Help shape our Co-op and the community in a big way. Highlights on the ballot include four open seats in the Whole Foods Co-op Board of Directors and an opportunity to use ranked choice voting to select GIVE round-up participants for 2021.
Your Elector ID is your owner number and your Password is the last name of the primary co-op owner. Please call 218-728-0884 with any questions. This information is also in your Fall 2020 Garbanzo Gazette. Voting is open until 9pm on Friday, October 16th.
NOTE: Paper ballot packets will be available at customer service (or can be mailed, if requested via phone). A completed packet includes the 2020 Election Guide, a paper ballot, two envelopes and very specific instructions for Owners using paper ballots to follow so that we can verify voter eligibility and ensure anonymity of the vote.
YOUR BOARD MEMBER CANDIDATES
Three Whole Foods Co-op Board Member seats are up for election. Learn more about our candidates below and vote by October 16th.
Please provide a brief statement of introduction/ bio I love trees and I love good food. I love food grown by people I know. I love snow and my solo canoe. I am not very good at art and poetry except as these disciplines apply to pruning trees. I believe it is not how long you have lived in a community that makes you a good candidate for a representative position, but rather the variety of ideas, experiences and perspectives you can add to the discussion.
Why would you like to serve on the Board of Directors of Whole Foods Co-op? I wish to become more involved, more than just as a shopper. I have watched the Co-op grow and change since 1976 and am so impressed. I am intrigued by what the Board does and does not concern itself with, and find these parameters share similarities with practices like meditation and yoga. I am keen to engage in this practice with others on the Board.
Describe any volunteer or paid experiences relevant to your service as a Co-op Board member. What skills or experience will you bring to this Board? Before I left forestry to enter arboriculture in the private sector, I ran a state-wide continuing education program for forest resource professionals. This position required me to work with people representing different landowner groups, finding common ground while presenting new, sometimes challenging information. I served on the City of Duluth Tree Commission (now the Natural Resources Commission) and have held volunteer positions with several forestry and arboriculture organizations.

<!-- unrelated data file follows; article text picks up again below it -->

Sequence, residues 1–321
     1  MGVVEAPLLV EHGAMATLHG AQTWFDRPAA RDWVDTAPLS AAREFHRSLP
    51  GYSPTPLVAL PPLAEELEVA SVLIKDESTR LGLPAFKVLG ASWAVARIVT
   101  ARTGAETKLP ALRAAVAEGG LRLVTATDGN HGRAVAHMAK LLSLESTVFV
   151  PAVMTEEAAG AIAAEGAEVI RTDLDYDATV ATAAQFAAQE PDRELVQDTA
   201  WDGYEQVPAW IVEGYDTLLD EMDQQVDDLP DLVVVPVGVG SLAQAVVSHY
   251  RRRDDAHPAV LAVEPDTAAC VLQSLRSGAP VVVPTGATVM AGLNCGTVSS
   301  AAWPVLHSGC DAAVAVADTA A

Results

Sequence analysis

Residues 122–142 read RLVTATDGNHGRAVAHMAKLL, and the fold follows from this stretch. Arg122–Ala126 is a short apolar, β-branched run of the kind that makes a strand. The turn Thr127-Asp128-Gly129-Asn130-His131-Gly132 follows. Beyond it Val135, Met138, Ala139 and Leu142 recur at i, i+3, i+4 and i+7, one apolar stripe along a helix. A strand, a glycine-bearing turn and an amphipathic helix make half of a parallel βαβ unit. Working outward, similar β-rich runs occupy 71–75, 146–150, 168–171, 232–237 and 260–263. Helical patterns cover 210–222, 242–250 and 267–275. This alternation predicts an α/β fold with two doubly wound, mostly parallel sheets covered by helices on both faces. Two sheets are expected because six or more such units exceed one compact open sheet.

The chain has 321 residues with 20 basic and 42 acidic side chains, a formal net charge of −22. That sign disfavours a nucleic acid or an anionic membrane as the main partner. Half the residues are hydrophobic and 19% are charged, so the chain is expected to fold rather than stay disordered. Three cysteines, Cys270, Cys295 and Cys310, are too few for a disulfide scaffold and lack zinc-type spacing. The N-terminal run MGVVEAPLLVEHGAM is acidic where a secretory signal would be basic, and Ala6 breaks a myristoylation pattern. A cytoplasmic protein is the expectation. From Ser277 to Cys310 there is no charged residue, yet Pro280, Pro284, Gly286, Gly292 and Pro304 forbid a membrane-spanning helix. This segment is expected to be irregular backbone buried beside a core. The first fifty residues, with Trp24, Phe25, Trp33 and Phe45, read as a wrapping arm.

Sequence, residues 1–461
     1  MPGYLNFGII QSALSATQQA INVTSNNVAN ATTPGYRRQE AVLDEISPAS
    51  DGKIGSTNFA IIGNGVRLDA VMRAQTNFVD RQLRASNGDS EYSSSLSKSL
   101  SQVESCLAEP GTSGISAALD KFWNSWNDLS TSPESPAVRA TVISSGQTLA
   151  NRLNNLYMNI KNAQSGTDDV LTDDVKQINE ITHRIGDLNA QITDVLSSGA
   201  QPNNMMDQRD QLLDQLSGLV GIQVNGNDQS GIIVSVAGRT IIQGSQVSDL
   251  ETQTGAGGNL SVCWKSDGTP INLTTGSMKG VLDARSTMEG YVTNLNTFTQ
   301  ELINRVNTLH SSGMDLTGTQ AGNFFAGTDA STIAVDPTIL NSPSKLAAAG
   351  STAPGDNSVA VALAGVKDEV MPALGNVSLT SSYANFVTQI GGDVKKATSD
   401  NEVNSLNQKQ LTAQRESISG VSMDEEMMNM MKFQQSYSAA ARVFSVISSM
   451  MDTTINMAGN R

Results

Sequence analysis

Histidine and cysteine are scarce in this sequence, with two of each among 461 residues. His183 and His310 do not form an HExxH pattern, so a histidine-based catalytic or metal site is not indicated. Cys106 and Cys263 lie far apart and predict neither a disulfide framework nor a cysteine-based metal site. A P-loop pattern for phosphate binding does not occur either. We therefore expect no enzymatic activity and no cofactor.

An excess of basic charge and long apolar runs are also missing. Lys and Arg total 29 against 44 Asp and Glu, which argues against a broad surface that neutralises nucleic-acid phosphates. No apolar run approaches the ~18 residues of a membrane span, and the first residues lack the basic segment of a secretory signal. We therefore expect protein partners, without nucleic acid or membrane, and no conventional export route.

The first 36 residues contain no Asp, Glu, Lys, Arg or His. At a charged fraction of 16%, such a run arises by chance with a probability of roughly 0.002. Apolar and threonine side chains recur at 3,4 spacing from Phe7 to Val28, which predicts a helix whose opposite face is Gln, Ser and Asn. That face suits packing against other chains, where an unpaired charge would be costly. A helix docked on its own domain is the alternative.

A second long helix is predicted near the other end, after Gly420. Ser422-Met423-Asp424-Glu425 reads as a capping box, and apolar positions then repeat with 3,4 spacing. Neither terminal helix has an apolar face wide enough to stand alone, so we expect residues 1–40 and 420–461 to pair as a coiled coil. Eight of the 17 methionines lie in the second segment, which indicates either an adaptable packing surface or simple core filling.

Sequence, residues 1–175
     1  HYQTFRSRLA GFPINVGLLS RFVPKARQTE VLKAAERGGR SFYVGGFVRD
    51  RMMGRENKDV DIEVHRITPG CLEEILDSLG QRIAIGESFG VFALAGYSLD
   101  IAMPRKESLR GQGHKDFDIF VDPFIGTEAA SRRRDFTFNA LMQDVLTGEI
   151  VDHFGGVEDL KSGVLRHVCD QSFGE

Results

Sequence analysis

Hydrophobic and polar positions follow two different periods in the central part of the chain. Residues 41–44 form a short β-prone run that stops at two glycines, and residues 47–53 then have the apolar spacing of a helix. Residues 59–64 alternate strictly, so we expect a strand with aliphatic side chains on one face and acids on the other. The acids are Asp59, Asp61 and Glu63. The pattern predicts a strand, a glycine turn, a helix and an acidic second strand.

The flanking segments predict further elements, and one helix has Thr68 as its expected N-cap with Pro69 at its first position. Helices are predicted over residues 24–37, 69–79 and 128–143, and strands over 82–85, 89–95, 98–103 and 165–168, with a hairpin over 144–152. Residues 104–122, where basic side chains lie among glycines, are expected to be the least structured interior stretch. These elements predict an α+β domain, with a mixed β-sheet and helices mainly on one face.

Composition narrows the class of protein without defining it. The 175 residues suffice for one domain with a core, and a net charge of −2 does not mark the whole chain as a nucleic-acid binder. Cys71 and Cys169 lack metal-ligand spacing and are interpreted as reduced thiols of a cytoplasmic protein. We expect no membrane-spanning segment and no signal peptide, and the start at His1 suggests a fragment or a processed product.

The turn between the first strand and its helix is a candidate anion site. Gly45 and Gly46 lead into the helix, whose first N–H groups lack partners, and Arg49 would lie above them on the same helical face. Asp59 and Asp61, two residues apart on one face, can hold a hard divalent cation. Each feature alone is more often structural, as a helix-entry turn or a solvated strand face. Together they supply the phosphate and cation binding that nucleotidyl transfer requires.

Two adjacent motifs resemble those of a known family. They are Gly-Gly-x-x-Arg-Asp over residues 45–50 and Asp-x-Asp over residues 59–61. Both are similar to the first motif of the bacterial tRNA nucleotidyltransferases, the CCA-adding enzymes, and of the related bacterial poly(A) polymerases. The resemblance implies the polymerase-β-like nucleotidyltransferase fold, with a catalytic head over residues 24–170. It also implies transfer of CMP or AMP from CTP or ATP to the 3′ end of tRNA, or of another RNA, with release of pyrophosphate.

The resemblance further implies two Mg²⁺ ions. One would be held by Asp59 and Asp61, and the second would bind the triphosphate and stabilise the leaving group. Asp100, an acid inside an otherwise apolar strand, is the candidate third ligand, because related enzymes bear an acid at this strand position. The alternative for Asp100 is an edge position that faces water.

What opportunities and challenges do you see in the future for Whole Foods Co-op?Covid-19 is presenting challenges (and opportunities) that no one foresaw. Though the purview of the General Manager and not the Board, I want to see continued promotion/exposure of our local growers to shoppers and owners.
Other comments: Were I to be elected, I would be super excited to join such an excellent team.
Please provide a brief statement of introduction/ bio When I first moved to Duluth in 1990, one of the first things I did was to become a co-op owner. Back then, I simply wanted a community and access to local, organic food. Today, my passion for the co-op is not about my needs. Rather, I have become convinced that the co-op economic model and its vision will be a standard for Duluth and communities across the globe as a new relational consciousness takes root.
Why would you like to serve on the Board of Directors of Whole Foods Co-op? My life experiences have provided me with strong foundational knowledge and interpersonal skills that I would like to share and contribute to help the success of our co-op. Moreover, I’m inspired by our current, highly functioning board culture. For the continued stability of our board, I would like to impart culture making skills to a new board cohort and sustain organizational knowledge.
Describe any volunteer or paid experiences relevant to your service as a Co-op Board member. What skills or experience will you bring to this Board? Though trained as a civil engineer, I bring decades of experience working at the intersection of food systems, health, healthcare and environmental policy. I coordinated the successful national mercury phase-out campaign and created and directed the national Healthy Food in Healthcare Campaign. I am the author of numerous journal articles and recently contributed a chapter to the text book on climate change and health, entitled “Health of People, Health of Planet and Our Responsibility”. I also offer workshops on collaborative leadership and serve as a strategic planning consultant and racial healing facilitator. In 2018, I was selected as one of twenty five BALLE Local Living Economy Fellows, joining diverse leaders from around North America, where we explored and shared strategies to build an economy that works for all. And, over the last few years, I voluntarily coordinated the successful Bag it Duluth Campaign.